We did not just wake up one day and decide to march on Washington or from Selma to Montgomery. We studied, we strategized, we organized, trained and prepared to take action.
By age 19, King had earned an undergraduate degree from Morehouse College. At age 23, he finished his doctorate in theology and ministry (divinity) at Boston College. As a teenager, Lewis heard King speak on the radio. King’s southern cadences and strong faith led Lewis to recognize himself in King’s voice.
Lewis states repeatedly that truth is a force that no one can tarnish. But, he notes, systemic racist forces can hide the truth and misconstrue it to disrupt the public’s grasp of it.
The civil rights movement was more than a struggle over legal rights, it was a spiritual movement led by ministers who wanted to confront the erroneous belief that some of us are more valuable or important than others and to demonstrate the truth of human equality.
Armed with the truth, Lewis and his peers sought to reveal the lies used to justify segregation. Those lies included, foremost, the inferiority of Black Americans. Lewis tells with modesty how, through nonviolent protests and civil disobedience, activists showed fundamental truths about the common bonds that unite everyone.
In 1961, Lewis participated in the Freedom Rides in which 13 civil rights activists, seven of whom were Black, rode side-by-side on a bus from Washington, DC through the south. Lewis downplays the courage of this nonviolent display which violated local segregation laws. He writes that he was prepared to meet his death. A mob in South Carolina beat him and other Freedom Riders because Lewis tried to use a “whites only” restroom.
Lewis is proud that young activists in South Africa, Russia, Germany, Egypt and other countries studied, followed and adapted tactics he used in the US civil rights movement.
Sharecropping and Humiliation
The racist and inequitable practice of sharecropping forced Lewis and his family to work endless hours to pay off debts that local whites structured to keep them in financial bondage. Lewis describes the system with loathing: it undervalued the work of impoverished farmers and inflated the cost of farming supplies and equipment. Sharecroppers could never draw even.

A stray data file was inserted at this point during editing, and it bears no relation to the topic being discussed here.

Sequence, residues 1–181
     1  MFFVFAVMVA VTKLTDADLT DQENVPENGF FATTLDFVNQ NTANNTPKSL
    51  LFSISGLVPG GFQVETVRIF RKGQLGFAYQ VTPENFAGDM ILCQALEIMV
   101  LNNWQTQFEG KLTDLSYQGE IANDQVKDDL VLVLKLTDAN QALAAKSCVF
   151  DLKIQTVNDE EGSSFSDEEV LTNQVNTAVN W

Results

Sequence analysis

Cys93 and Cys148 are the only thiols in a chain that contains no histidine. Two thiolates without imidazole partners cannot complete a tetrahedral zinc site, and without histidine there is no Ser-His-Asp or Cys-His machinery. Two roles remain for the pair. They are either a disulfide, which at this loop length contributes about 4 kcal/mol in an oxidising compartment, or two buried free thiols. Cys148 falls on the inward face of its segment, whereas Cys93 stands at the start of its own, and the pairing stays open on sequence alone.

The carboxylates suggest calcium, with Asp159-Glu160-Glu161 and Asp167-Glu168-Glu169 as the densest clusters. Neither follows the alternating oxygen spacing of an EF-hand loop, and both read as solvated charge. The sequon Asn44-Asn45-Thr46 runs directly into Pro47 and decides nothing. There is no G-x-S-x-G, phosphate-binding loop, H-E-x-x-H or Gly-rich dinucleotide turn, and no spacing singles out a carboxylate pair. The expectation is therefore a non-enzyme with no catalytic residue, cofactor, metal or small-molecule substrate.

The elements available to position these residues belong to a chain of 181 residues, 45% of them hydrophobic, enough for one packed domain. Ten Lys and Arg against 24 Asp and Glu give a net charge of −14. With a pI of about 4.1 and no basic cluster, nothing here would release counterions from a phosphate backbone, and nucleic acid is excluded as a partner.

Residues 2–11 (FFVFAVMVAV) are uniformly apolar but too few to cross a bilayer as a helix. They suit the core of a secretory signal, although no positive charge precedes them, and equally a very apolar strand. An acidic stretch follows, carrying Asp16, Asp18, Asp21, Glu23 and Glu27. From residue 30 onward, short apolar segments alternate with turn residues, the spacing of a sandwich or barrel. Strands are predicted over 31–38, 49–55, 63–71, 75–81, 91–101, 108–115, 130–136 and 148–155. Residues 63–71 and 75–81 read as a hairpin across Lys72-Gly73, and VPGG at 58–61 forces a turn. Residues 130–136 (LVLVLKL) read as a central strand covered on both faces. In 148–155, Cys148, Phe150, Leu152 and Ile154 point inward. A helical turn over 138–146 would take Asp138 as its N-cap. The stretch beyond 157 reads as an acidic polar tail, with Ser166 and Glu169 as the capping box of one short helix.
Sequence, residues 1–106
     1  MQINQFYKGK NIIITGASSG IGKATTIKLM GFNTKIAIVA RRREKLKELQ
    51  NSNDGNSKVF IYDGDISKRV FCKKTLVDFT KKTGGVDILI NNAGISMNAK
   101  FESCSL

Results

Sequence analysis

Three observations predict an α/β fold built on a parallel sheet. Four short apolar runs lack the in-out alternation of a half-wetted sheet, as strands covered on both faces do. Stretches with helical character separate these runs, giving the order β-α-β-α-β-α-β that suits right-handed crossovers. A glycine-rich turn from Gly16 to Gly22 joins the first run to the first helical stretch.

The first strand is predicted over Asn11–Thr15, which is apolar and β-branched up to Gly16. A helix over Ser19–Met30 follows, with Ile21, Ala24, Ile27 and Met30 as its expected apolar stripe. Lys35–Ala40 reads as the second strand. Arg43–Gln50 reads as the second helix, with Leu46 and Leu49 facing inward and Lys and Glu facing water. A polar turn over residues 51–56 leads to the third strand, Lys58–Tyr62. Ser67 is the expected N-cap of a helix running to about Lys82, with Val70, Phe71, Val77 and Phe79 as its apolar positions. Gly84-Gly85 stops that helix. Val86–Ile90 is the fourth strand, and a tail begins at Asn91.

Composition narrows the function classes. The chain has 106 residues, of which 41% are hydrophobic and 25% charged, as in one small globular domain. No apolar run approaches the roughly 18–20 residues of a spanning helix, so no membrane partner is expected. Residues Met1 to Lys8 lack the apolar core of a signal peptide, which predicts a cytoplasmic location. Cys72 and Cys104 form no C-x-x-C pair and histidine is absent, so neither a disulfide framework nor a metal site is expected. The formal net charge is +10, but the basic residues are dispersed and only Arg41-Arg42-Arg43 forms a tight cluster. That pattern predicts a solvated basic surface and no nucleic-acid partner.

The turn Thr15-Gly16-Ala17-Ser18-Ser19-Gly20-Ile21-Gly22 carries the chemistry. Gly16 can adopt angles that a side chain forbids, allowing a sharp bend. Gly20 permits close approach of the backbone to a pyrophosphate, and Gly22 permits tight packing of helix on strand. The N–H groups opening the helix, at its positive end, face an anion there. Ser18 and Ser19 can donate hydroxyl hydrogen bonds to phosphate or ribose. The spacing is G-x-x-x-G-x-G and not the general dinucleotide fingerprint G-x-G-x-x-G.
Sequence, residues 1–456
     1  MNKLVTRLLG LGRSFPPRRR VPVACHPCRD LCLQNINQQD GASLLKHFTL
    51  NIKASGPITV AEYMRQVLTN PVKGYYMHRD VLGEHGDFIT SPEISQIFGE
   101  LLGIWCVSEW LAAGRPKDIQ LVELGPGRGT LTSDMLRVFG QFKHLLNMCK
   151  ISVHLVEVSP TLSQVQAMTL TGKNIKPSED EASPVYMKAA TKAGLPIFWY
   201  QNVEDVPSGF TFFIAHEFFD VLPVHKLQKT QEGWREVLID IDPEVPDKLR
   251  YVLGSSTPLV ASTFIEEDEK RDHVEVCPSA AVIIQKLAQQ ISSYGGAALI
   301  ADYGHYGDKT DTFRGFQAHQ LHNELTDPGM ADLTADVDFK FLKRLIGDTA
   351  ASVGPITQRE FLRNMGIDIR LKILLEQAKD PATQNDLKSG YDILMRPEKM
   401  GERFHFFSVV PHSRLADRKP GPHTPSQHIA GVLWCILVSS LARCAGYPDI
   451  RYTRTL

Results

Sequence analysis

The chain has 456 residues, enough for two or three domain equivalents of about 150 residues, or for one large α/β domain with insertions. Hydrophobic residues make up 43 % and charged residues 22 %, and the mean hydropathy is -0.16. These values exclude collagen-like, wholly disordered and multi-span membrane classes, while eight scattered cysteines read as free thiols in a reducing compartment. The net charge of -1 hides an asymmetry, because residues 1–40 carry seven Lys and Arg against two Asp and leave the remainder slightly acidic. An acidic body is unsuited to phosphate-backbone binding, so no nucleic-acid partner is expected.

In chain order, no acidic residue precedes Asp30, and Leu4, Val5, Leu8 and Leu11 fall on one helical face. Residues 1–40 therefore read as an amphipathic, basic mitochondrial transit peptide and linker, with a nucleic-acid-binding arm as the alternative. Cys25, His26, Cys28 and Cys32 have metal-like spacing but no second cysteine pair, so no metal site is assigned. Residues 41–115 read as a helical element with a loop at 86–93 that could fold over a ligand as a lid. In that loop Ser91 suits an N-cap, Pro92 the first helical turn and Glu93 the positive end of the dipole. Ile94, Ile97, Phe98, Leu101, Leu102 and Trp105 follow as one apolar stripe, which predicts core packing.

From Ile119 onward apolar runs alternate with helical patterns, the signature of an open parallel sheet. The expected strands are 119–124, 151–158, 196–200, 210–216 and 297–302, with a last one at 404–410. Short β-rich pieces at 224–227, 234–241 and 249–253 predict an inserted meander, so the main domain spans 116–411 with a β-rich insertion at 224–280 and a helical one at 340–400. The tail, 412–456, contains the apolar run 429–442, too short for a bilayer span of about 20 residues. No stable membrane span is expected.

Sharecropping took many forms in different states, but mainly it was a system designed to make us fail. Our work was undervalued, our debt inflated, making it almost impossible to get ahead.
Lewis recalls learning his initial lesson in racism and humiliation at age six. He made his first trip to town with his father, who sold the family’s crops, paid down his debt and bought new supplies. Lewis felt excited until he heard a white storekeeper call his father “boy.”
The Edmund Pettus Bridge
The showdown on “Bloody Sunday,” March 7, 1965, between activists and state troopers on Selma’s Edmund Pettus Bridge made history. Lewis says that even as he faced violence, he felt “peace,” not fear. That moment expressed his spiritual commitment to the quest for equality, dignity and liberation. He believes that perpetuating hatred holds bigots and segregationists hostage to evil instead of knitting them to the universal divine rights everyone possesses.
It did not matter that I was looking down the barrel of a gun or an army of guns. It did not matter that troopers were on horseback ready to fire tear gas.
This is a singular, stirring memoir. Lewis’s fighting spirit and his determination to counter racism in America never flagged. Yet his powerful faith enabled him to write of his and his people’s struggle with an astonishing lack of bitterness or resentment. His tone is as inspirational as his life of activism.